Ears don’t lie

This source led me to a Radiolab story that includes Horowitz: Never Quite Now. This story is not just about sound, but our nerves and neurons and how long it takes for us to process the world. Here’s a helpful description of how our body sees and then wants a pen:

JAD: Okay, so the eye takes the light that’s reflected off the pen, turns it into a little electrical signal, and then sends that deep into the middle of the brain.

CARL ZIMMER: Takes a couple hundredths of a second.

JAD: Bounces around for a bit, and then within …

CARL ZIMMER: A few more hundredths of a second …

JAD: The signal has made it …

CARL ZIMMER: All the way back to the rear end of the brain, where you start processing vision.

JAD: But this is just the beginning.

CARL ZIMMER: Right. Now you’ve gotta like figure out what you’re seeing.

JAD: So our jolt is off again, this time toward the middle of the brain and then down toward the bottom.

CARL ZIMMER: To these other regions ..

JAD: That start to decode the signal.

CARL ZIMMER: The first visual region is called V1.

JAD: Next up …

CARL ZIMMER: V2, V4, and so on. And they’re gonna sharpen the image, make out contrasts, edges.

JAD: And then electricity goes back towards the front of the brain.

CARL ZIMMER: After, let’s see, another tenth of a second or so …

JAD: We finally get to a place where we think …

CARL ZIMMER: “Oh, that’s a pen.”

ROBERT: We haven’t gotten yet to “I want it”.

CARL ZIMMER: Exactly.

JAD: For that to happen, the electricity has to jump from one part of the front of the brain to another and another before you can finally say …

CARL ZIMMER: “That’s a nice pen. I could use a pen.”

JAD: [laughs]

ROBERT: [laughs]

CARL ZIMMER: And we are still not done, you know. Then—then—then …

JAD: Little jolt heads northCARL ZIMMER: To sort of the top of your brain. So we—we’ve gone from your eyes to the back of your brain, around up to the front of your brain again. And now we’re up to the top of your head where you set up motor commands, and then you can grab the pen.

ROBERT: Christ!

JAD: So I mean, you add all this up and what are we talking about here

CARL ZIMMER: About a quarter of a second.

Never Quite Now

Later in the story, Seth Horowitz describes how hearing is the fastest sense and mentions the startle circuit:

SETH HOROWITZ: A sudden loud noise activates a very specialized circuit from your ear to your spinal neurons.

JAD: You mean it bypasses the brain?

SETH HOROWITZ: Yeah, it’s the startle circuit. If you suddenly hear a loud noise, within 50 milliseconds, that’s 50 thousandths of a second, so you’re talking 20 times faster than cognition, your body jumps, will begin the release of adrenaline. No consciousness involved. It’s five neurons, and it takes 50 milliseconds.

Never Quite Now

I’ve written about the word startle before — I especially like Emily Dickinson’s startled grass. There’s a poem in here somewhere, involving bodily recognition (or reaction?) versus brain cognition.

swim: 5 loops
lake nokomis open swim
79 degrees

5 loops! What a great night for swimming in the lake! Calm, goo-free water, strong shoulders, a willing back, enough time to swim an extra loop. Amazing. Writing this a few hours later, I’m wiped out, but I felt good the whole time I was swimming. I swam for 80 minutes without stopping.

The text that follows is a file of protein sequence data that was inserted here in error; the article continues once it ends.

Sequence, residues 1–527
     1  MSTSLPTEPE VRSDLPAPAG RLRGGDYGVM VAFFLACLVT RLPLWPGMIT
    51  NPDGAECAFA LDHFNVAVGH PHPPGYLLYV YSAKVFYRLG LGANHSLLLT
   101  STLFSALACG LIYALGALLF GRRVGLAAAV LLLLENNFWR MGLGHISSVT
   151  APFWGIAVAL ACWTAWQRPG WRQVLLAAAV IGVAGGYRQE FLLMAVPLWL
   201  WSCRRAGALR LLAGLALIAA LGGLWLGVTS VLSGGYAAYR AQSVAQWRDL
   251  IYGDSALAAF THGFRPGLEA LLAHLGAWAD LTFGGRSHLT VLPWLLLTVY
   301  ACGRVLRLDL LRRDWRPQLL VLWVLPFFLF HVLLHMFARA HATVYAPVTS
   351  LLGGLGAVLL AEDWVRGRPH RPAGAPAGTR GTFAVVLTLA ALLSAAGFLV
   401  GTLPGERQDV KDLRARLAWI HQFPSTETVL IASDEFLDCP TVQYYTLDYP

I wanted to give attention to sound as I swam, and I did. Mostly, I heard the sloshing of the water as I moved through it. Once I heard a plane roaring above me and another time I heard a lifeguard calling out. Not much else. In past years, I’ve heard squeaks or strange clanging noises, but not tonight. Just slosh slosh slosh.

The water was a pale green with the idea of pale yellow — I didn’t see yellow as much as feel that it was there. Visibility was limited, but I could see my hand in front of me, bubbles, and the underside of the water’s surface, which was very cool.

There were a few menacing swans and some kayaks.

From the shore I could see that the orange buoys were in a straight line. In the water, swimming past them, it didn’t seem as straight. At least once for each loop, I could see the orange dots of the three buoys. The green buoys were more difficult. I didn’t care; I knew where they should be and swam that way.

july 15/RUN

4.2 miles
minnehaha falls and back
73 degrees / dew point: 69

Woke up early, but thunderstorms were coming so I had to wait until after 10 to go out for my run. Gloomy, dark green, thick, but a slightly better run. Ran longer before I stopped to walk. Felt stronger while I ran. Kept running farther after I walked before stopping again. Progress!

10+ Things

  1. the usual puddles have returned, blocking the sidewalk (one block over) and the trail (near the entrance to the locks and dam no. 1)
  2. more big branches down, or the same big branches from last week’s storm, not yet removed
  3. dripping sewer pipes at 42nd and 44th
  4. mud and dirt washed up onto the asphalt
  5. exuberant kids running around the grass at minnehaha park
  6. roaring falls
  7. passing by 2 surreys biking up from wabun
  8. a soaked backpack in a driveway, half open, clothes slipping out, 2 books next to it, one of them with the pages rolled over
  9. a pile of clothes tucked under the trees next to the path between the locks and dam no. 1 and the ford bridge
  10. 2 roller skiers, their poles clicking and clacking on the pavement
  11. a chainsaw in the distance — below in the gorge?

wildlife update: Scott talked with a company who informed him that a wasp nest can’t just be removed because the wasps will build another one; it needs to be treated. One problem: it is illegal in Minnesota to treat fruit trees and the wasp nest is in our crab apple tree. Oh well, I guess our neighbors are staying.

july 11/RUNSWIM

3.25 miles
2 trails
75 degrees